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DEFINITION OF HIPAA
HIPAA is the acronym for the Health Insurance Portability and Accountability Act that was passed by Congress in 1996. HIPAA does the following:
Provides the ability to transfer and continue health insurance coverage for millions of American workers and their families when they change or lose their jobs;
Reduces health care fraud and abuse;
Requires the protection and confidential handling of protected health information (What is HIPAA 1996, 2012)
HIPAA COMPLIANCE for EMR
Under the HIPAA privacy rule, patients have the right to view their medical records. Patients may also request a copy of their file and in most cases the medical records must be provided within 30 days (U.S. Department of Health & Human Services, 2012).
HIPAA and INFORMATION TECHNOLOGY
AUGUST 11, 2013
The HIPAA privacy and security obligations of a healthcare provider are fundamentally unchanged by transitioning to an EMR/EHR system, but may require adjustments in practice.
Providers must inform patients of their HIPAA privacy and security rights, and must outline the policies and procedures they undertake to meet these obligations. While a health care provider owns a patient's medical records, the patient has a right to know how their medical records are used and can require providers to seek permission before some of their personal information is disclosed (EMR Privacy: Are My Electronic Medical Records Truly Private?,).
EDUCATION & TRAINING
EFFECTS ON CLINICAL CARE
FILING A COMPLAINT
WHAT IS THE EMR?
The legal health record is the documentation of healthcare services provided to an individual during any aspect of healthcare delivery in any type of healthcare organization. It is consumer or patient centered (Electronic Health Record, 2012).
Highly confidential medical records containing drug and alcohol, mental health and HIV information are subject to more stringent federal and State laws under HIPAA. As a result, physician practices must determine if medical records contain highly confidential information before releasing them. Generally, a physician practice can release these sensitive and confidential records only upon a court order or upon receipt of a HIPAA Authorization signed by the patient which explicitly acknowledges that the records contain drug and alcohol or mental health record information ( Are My Electronic Medical Records Truly Private?, 2012).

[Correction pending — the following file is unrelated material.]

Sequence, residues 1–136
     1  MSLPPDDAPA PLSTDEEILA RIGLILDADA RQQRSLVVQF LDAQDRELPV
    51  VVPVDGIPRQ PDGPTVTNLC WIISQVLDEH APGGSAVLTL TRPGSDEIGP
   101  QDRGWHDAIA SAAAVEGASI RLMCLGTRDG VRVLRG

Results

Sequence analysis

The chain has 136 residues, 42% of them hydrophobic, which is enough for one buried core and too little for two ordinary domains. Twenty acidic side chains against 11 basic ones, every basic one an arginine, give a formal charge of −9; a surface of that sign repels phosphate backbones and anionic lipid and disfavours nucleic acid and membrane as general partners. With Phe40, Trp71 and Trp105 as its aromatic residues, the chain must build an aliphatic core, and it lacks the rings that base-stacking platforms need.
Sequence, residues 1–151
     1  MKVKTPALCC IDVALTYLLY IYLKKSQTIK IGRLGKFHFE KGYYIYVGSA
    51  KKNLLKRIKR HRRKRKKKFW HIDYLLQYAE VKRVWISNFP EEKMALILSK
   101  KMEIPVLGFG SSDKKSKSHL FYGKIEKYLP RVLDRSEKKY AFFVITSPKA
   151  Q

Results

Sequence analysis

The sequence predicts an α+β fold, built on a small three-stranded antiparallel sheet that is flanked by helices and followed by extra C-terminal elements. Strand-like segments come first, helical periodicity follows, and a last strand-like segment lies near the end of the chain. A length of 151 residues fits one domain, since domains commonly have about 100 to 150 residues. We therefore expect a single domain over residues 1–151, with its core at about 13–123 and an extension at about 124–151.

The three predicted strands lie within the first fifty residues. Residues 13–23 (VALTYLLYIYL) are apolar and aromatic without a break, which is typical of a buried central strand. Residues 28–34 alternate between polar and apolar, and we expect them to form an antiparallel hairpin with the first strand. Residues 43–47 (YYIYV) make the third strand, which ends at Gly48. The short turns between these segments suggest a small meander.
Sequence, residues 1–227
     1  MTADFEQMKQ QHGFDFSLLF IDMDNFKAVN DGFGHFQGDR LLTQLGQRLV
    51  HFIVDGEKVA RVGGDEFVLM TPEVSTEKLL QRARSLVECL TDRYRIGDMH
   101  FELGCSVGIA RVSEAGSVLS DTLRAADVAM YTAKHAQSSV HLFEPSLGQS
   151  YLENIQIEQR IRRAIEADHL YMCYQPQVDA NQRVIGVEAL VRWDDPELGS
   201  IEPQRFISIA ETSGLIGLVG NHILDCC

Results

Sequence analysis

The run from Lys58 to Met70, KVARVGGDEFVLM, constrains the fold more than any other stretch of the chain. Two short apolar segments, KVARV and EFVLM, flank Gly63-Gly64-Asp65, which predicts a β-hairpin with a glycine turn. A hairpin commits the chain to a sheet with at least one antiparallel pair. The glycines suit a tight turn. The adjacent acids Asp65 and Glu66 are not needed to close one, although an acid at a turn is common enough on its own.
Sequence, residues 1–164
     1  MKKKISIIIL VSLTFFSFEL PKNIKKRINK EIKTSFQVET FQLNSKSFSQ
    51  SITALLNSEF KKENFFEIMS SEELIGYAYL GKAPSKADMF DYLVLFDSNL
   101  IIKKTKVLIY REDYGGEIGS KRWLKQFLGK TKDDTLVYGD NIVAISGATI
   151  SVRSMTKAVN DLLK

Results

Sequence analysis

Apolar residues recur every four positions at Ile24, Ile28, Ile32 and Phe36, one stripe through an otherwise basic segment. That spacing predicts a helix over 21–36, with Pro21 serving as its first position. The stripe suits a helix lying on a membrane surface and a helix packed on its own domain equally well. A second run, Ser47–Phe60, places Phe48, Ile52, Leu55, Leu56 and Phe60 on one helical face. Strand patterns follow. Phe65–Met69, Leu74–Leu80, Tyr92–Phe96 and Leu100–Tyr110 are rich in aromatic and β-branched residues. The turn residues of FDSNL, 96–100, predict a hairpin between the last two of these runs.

The Security Rule established the organizational standards, administrative, physical, and technical, that covered entities must adopt to prevent unauthorized access to patient health information. It assures the safety and integrity of patient health information when consumers exercise their health privacy rights under HIPAA (U.S. Department of Health & Human Services).
Password management is another area that people need to be security conscious. Passwords and IDs allow computers to control access to personal health information based on a person's role, authority, or need to know. They identify or authenticate a computer user via a secret password. Passwords should be kept confidential to avoid unauthorized access to or manipulation of protected information. It's tempting for users to share passwords or write them down where they can be found. These actions completely undermine the security system and should be avoided at all costs.
Included in their information are:
*past medical history
*radiology reports (Electronic Health Record, 2012).
Physical access to computers and software is a foundation of computer security. Physical access means that someone can approach a computer or monitor and see what is displayed on the screen.
Per section 117 of HIPAA, a person who knowingly
1.uses a unique identifier, or causes one to be used
2. obtains individually identifiable health information relating to an individual, or
3 discloses individually identifiable health information to another person, is in violation of HIPAA regulation. Such persons are subject to penalties.
According to U.S.Department of Health and Human Services, HIPAA is a federal law and offenses will be tried in federal court. In the United States federal law, a felony is a crime punishable by one or more years of imprisonment, and the penalties for HIPAA violations are felonies. This means you can lose your rights such as voting, opportunity to run for office, serve in the military, or the ability to own or use a firearm. A felon's driver's license may be revoked or suspended.
Improving the health, safety and well being of America. Retrieved August 7, 2013, from http://www.hhs.gov
HIPAA & Information Technology
With the invention of social media, complying with HIPAA is more important than ever before. A few years ago a physician in Rhode Island lost her job and was fined for disclosing enough PHI (Protected Health Information) that the patient could be identified even though their name wasn't used.